You guys, email is not dead! Sure, texting is emerging (we have you covered there) and social messaging and apps are vying for attention, but check out this stat in the Hubspot article, The Ultimate List of Email Marketing Stats for 2021.
74% of Baby Boomers think email is the most personal channel to receive communications from brands, followed by 72% of Gen X, 64% of Millennials, and 60% of Gen Z.
If people from all generations feel that email is the most personal way to hear from businesses, just think how much more it means to them to hear from their church via email.
In last week's Roundtable (Episode 15) we talked about our Communication reports including email. I raised the common question about why choose groups, report filters, or lists to send email. The answer lies in the level of personal relevance the email is you are sending, and thus the likelihood of recipients opting out.
Emails to groups should be very relevant. This is a person's small group, volunteer team, or something they registered for. The communication is very focused on something that interests them. They won't be interested in opting out.
Emails using filters need to be just about as relevant. Use filters to send emails based on an attribute like gender, zip code, marital status, church member type, or first time donors. They might be engaged in your church, but they might not be as well. If they click to manage their subscriptions, they will only have the option to unsubscribe from all lists.
Recipients of both group and filtered emails can opt out of all email by replying that they would like to unsubscribe. The sender then goes to that person's profile and unsubscribes them. Besides requiring the sender's attention, this also unsubscribes them from all email. Which will impact all future email communication with them. With lists you don't have this problem.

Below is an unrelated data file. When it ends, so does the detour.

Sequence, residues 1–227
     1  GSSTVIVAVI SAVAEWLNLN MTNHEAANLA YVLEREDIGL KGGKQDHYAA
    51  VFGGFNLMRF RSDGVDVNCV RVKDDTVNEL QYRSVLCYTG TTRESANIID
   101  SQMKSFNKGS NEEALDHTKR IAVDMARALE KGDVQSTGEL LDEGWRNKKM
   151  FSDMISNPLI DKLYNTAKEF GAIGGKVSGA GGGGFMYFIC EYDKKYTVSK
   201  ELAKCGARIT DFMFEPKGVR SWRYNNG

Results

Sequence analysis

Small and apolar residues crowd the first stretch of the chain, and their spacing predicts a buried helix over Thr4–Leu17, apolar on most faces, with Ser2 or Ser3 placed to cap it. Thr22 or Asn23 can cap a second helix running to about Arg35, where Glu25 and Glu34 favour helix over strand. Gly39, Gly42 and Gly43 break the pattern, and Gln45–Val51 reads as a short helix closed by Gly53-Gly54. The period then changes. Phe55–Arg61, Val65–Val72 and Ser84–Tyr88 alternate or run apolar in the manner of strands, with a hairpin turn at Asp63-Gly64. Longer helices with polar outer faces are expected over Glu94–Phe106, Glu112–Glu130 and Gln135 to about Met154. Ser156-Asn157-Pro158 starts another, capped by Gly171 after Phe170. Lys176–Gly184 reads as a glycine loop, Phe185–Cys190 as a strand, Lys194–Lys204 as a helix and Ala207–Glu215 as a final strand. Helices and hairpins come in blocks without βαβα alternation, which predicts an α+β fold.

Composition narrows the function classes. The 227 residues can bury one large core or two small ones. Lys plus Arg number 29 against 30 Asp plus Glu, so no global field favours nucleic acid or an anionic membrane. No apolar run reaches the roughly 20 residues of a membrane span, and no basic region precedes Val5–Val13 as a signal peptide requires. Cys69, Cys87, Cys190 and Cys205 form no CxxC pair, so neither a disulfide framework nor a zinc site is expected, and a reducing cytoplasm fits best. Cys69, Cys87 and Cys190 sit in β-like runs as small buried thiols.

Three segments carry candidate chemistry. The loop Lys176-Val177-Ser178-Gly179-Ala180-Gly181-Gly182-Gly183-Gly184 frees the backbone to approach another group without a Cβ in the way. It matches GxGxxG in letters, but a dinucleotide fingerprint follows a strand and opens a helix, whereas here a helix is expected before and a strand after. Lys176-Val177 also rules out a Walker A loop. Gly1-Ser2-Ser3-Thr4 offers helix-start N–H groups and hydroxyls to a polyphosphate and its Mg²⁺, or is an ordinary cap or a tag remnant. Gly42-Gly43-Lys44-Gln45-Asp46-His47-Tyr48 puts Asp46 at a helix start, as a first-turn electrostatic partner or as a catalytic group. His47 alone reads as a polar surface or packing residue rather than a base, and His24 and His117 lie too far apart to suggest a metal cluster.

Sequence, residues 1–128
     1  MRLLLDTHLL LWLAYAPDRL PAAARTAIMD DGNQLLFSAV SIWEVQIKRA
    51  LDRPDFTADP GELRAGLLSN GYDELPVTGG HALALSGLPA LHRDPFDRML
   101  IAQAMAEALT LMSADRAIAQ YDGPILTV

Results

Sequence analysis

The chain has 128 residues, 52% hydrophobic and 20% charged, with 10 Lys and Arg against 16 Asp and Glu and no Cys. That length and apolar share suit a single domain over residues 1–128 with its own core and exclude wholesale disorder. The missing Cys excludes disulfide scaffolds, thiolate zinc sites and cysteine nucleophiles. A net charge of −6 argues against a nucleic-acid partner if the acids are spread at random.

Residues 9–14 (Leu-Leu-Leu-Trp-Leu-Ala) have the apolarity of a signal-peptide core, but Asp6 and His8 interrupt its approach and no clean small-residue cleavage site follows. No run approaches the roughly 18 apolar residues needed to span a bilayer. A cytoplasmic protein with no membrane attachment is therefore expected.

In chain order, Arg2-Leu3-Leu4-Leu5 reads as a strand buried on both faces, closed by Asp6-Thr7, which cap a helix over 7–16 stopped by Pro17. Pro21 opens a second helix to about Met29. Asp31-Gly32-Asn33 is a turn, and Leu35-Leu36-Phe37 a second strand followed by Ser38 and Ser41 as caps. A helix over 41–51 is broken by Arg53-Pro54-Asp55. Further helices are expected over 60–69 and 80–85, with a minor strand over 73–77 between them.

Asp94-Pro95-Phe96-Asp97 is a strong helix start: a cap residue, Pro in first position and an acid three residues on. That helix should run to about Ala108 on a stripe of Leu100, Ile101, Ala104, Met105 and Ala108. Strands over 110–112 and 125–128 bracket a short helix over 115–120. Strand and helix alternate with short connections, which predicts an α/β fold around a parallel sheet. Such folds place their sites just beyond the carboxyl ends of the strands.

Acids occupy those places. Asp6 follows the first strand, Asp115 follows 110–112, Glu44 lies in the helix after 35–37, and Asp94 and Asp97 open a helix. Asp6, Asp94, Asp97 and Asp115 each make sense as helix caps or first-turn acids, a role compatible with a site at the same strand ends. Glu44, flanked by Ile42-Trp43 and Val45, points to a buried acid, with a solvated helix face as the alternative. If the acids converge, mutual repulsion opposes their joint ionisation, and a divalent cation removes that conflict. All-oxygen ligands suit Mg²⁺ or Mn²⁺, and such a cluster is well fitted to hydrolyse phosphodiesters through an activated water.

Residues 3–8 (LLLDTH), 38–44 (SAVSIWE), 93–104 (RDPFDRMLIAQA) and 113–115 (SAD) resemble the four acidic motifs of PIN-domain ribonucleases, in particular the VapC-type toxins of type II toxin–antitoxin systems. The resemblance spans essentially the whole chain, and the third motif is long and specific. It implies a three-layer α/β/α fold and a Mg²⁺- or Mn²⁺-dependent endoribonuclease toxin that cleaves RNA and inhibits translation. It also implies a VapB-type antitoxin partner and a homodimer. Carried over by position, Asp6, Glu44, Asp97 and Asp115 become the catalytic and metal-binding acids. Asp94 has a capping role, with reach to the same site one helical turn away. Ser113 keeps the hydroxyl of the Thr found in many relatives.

Emails sent using lists can be less relevant. The power of lists is that it gives recipients specific control over the content they are receiving. If they are not interested, they opt out. Because they are in control, you can make the content more generic, and less personal for them. Great examples of ways to use lists are for newsletter, community interest, and ministry departments.
Churchteams has a powerful lists management feature (Communicate > Email > Lists). It lets you see who is in the list and send them an email.
If you think that your church might benefit from the use of lists, start by clicking + New List to create new ones. Here are two best practices to populate the list: the personal sign up form, and a really cool, powerful report.
Personal Sign Up Form. For a basic sign-up, create a group called Manage Email Subscriptions. Then add Email Lists to the form dropdown under Registration Settings. Next, copy the link and place it anywhere. It will look like this:
Mass Populate a List. This approach allows you to use any combination of filters you want to populate a list. Specifically, Reports > Members > Mass Update Member Attribute. Then pick Email List and the list you want to populate.
Your next step is to choose the filters that will find the people to put into the list for you. For instance for your Newsletter list, you might choose: Household Role = Adults; and Church Member Types = Members and Regular Attenders.
Next, review and run the report. The result will be a newly created and populated list of people who now have the power to manage their email preferences.
Automate: To keep a list like the newsletter list updated, Save and then Schedule the same report to run once a month. That way staff don't need to remember to add new members and regular attenders to the newsletter list. The system will do it for them.
Not everyone sees email as the most personal way to connect, but the majority do. It takes a lot of time, money and energy to move the majority and late adopters in your church to social messaging or an app, but even they check their email. So, it's smart to stay sharp on how you are using it.